HomeInsightsGambling Commission publishes update on the Single Customer View industry challenge

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The Commission has been working alongside the ICO to explore the challenges associated with achieving a “single customer view”. In February 2020 the Commission challenged the online gambling industry, represented by the Betting & Gaming Council (BGC), to explore and develop a “Single Customer View” (SCV) solution which could enable a holistic, cross-operator view of a customer’s online gambling behaviour and help reduce gambling harms in relation to those who hold accounts with more than one gambling company. Online gamblers hold an average of three accounts, with a significant proportion of younger gamblers holding more. Gambling Commission evidence also indicates an increased risk of harm among those customers who take part in multiple gambling activities.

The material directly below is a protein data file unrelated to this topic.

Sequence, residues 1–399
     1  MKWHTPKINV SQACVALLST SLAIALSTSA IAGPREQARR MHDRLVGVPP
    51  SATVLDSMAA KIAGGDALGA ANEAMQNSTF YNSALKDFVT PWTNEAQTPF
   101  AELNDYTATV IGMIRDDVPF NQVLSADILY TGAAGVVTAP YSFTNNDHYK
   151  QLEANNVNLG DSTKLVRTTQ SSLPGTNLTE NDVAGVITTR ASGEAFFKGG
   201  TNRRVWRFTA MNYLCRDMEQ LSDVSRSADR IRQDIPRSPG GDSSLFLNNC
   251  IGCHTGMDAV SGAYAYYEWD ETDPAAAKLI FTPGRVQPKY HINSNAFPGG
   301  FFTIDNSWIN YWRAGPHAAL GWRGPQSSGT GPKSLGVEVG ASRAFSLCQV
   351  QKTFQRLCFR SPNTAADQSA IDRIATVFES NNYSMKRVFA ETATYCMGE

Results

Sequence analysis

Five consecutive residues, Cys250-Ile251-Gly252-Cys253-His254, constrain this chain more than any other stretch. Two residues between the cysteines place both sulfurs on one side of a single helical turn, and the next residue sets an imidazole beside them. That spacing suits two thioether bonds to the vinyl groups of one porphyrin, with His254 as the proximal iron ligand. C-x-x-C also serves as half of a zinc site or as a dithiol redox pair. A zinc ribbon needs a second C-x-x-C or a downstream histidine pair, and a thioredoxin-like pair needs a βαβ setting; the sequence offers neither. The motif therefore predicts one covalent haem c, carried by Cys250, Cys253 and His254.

The Commission says that a SCV, which could take various forms, is an ambitious and complex undertaking, and it is therefore critical that the concept is properly considered and tested through the lens of data protection law.

In November 2020, the Commission was accepted into the ICO’s Regulatory Sandbox, which the ICO designed to support organisations who are creating products and services that utilise personal data in innovative and safe ways for public benefit.

The aim of the SCV Sandbox was to: (i) establish whether there is an appropriate lawful basis under Article 6 of the UK General Data Protection Regulation that allows for the sharing of behavioural data between online gambling operators via a SCV, including the examination of existing legal gateways; and (ii) consider the processing of special category personal data and the appropriateness of Article 9 conditions for processing under the UK GDPR.

The ICO has now published its Regulatory Sandbox Phase 1 outcomes report. The ICO found that the sharing of behavioural data between gambling operators in order to identify individuals who may be at risk of gambling related harms via a SCV may be lawful under Article 6 (1)(e) “Public Task” or Article 6 (1)(f) “Legitimate Interests” of the UK GDPR: